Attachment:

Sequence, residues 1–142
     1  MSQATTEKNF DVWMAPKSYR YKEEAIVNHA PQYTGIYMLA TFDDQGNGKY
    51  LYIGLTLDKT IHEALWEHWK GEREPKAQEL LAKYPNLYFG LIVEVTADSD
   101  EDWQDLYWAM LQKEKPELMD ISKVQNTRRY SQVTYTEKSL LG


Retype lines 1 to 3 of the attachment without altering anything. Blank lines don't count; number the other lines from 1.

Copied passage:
Sequence, residues 1–142
     1  MSQATTEKNF DVWMAPKSYR YKEEAIVNHA PQYTGIYMLA TFDDQGNGKY
    51  LYIGLTLDKT IHEALWEHWK GEREPKAQEL LAKYPNLYFG LIVEVTADSD